From the second it starts, Computer Chess feels like a cheap VHS tape taken from a back room somewhere. The gold one can find on those old tapes is endless, but Andrew Bujalski’s latest film, shot on a 1968 Sony AVC-3260 tube video camera, is truly on another level.
For such a seemingly low-budget film, Bujalski’s work here is incredibly ambitious. It kicks off as an almost innocuous documentary-like exploration of a computer chess tournament, with nerds spewing out Primer style techno-jargon at times and a lone female offering up some amusing bits of interaction. The comedy comes across so organically, finding humor in the way these humans interact with each other and the technology around them. This isn’t to say the script doesn’t pull for laughs as well, constantly delivering one-liners like, ”I do not think that Tesla is a good role model for your academic career.”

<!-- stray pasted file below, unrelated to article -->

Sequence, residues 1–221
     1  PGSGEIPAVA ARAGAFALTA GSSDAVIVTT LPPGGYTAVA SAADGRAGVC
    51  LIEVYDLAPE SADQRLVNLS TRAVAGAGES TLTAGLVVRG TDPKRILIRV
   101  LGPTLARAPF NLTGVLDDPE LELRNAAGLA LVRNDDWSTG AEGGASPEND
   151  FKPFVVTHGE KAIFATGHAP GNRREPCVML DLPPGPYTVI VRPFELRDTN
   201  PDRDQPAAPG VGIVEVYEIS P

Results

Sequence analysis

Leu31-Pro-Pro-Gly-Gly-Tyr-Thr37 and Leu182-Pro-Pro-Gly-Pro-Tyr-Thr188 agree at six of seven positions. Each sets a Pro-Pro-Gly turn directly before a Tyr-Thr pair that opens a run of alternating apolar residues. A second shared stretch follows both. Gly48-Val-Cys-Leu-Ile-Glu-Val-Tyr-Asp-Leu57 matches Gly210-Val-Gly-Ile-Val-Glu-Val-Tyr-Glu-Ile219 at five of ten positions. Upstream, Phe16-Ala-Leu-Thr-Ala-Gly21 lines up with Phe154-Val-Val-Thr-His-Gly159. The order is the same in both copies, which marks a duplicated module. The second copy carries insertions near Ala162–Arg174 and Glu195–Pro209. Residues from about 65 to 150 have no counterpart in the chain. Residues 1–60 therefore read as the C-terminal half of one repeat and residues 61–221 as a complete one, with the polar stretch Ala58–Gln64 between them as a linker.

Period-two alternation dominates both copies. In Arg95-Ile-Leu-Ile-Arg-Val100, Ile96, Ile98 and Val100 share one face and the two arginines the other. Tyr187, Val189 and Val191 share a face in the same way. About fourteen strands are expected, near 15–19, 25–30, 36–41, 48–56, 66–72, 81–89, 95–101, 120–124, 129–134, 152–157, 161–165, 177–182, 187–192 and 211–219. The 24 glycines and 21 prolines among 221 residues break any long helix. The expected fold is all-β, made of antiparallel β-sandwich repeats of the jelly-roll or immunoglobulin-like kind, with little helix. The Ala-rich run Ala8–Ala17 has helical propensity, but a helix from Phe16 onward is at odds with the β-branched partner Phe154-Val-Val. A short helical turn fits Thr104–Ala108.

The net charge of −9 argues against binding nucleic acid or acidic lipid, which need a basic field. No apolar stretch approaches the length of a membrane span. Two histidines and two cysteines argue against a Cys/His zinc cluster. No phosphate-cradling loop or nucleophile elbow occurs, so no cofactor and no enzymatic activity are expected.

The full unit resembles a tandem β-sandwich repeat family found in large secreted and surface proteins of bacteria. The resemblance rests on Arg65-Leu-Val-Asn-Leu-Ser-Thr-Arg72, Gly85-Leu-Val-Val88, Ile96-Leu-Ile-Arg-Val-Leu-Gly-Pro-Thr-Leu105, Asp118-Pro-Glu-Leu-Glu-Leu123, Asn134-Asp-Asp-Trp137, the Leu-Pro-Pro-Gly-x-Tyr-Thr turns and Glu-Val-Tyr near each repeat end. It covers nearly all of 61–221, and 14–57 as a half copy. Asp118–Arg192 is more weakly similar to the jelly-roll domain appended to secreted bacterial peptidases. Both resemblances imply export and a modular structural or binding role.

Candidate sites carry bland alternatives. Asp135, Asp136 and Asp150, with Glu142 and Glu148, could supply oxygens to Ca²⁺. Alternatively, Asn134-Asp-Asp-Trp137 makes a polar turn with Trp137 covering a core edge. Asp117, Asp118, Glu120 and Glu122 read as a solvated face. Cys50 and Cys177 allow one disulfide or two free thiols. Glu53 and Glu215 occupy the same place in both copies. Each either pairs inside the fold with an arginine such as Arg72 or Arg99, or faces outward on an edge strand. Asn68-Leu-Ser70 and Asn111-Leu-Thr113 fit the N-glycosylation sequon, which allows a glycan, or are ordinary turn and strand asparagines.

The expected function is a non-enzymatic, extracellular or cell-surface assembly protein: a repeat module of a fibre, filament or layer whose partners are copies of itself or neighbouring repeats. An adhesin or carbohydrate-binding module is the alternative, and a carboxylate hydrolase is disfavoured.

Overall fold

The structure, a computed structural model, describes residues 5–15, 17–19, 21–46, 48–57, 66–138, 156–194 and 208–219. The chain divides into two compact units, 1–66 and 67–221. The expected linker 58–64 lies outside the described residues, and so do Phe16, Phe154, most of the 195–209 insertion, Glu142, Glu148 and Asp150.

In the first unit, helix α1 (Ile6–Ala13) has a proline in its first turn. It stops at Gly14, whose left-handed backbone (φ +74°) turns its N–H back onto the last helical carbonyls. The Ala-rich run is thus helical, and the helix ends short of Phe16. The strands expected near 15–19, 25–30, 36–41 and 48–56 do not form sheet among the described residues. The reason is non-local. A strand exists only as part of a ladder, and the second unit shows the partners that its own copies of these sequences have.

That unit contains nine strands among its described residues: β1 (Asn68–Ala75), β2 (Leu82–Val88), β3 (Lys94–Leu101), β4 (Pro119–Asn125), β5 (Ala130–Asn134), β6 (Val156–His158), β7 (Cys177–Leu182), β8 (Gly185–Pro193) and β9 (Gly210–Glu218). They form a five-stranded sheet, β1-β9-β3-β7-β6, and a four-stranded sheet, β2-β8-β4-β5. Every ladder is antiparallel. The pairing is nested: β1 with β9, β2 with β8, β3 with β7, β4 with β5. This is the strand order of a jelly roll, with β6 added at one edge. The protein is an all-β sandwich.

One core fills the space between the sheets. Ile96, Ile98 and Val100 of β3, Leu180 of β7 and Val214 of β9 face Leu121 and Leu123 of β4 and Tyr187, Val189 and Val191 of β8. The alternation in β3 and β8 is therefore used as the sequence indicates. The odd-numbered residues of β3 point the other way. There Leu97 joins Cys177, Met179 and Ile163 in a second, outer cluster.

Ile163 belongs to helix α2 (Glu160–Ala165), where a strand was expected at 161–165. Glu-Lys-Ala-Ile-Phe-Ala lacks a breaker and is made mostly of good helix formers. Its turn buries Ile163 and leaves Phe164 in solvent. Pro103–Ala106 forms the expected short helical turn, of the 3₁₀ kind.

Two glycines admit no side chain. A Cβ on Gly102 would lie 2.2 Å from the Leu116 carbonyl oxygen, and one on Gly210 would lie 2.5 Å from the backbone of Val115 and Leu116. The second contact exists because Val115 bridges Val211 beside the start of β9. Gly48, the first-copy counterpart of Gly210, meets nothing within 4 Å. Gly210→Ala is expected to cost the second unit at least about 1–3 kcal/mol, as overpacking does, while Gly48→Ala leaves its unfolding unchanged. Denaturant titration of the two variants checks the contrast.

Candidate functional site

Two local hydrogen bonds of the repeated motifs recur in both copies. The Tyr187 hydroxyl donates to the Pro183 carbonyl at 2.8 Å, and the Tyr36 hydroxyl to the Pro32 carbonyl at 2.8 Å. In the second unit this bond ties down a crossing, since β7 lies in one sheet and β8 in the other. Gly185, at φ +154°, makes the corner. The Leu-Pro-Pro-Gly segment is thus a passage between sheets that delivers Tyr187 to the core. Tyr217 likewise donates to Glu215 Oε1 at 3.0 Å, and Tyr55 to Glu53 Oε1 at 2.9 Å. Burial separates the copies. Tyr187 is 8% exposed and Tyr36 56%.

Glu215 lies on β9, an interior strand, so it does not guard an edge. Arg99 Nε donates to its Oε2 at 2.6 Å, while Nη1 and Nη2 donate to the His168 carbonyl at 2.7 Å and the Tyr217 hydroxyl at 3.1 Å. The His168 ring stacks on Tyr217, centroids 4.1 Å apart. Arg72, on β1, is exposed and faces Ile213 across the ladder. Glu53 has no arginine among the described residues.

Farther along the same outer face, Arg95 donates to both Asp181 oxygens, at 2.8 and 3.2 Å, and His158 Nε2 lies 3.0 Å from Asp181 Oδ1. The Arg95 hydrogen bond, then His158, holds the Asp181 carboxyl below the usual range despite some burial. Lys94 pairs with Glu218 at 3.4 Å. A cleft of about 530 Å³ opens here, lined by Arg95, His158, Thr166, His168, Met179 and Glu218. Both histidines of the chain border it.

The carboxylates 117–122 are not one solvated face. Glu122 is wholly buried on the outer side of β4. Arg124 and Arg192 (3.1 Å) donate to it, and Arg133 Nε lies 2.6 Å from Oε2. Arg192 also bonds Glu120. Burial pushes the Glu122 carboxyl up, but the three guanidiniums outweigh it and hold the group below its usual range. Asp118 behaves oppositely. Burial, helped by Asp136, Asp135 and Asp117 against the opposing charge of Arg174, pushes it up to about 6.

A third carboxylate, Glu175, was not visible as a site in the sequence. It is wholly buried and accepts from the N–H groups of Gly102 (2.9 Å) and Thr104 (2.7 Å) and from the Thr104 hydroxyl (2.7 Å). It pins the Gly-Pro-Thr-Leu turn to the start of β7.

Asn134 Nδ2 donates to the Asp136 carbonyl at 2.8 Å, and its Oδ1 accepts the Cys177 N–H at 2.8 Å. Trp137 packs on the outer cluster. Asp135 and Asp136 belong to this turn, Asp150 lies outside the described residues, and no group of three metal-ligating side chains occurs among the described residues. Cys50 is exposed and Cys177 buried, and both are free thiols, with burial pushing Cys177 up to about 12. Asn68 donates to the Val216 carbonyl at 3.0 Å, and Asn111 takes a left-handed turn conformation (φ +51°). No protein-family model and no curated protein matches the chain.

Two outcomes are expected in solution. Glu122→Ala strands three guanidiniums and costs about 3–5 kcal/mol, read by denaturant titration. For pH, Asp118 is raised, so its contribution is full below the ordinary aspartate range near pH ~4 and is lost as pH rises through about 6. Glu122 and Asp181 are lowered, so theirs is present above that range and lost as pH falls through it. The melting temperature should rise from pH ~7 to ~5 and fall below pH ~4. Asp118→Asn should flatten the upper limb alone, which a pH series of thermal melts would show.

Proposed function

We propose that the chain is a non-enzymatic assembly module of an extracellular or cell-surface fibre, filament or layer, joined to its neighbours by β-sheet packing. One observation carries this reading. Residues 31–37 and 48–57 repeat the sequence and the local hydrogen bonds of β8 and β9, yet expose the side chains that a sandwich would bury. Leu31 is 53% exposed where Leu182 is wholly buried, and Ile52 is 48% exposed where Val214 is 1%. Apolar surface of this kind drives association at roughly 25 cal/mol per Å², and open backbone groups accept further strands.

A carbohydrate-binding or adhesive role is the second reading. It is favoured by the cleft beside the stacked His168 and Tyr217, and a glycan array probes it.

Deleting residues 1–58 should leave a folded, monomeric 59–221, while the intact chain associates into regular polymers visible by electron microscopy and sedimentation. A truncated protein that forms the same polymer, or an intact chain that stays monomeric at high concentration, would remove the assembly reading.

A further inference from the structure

This mislead is exactly what makes the rest of the film, a nightmare whose giddy surrealism is on par with that of Lynch or Maddin, so goddamn fascinating. Computer Chess dives into the depths of existential comedy, prompting conversations about the difference between humanity and artificial intelligence that are sometimes hilarious and other times horrifying.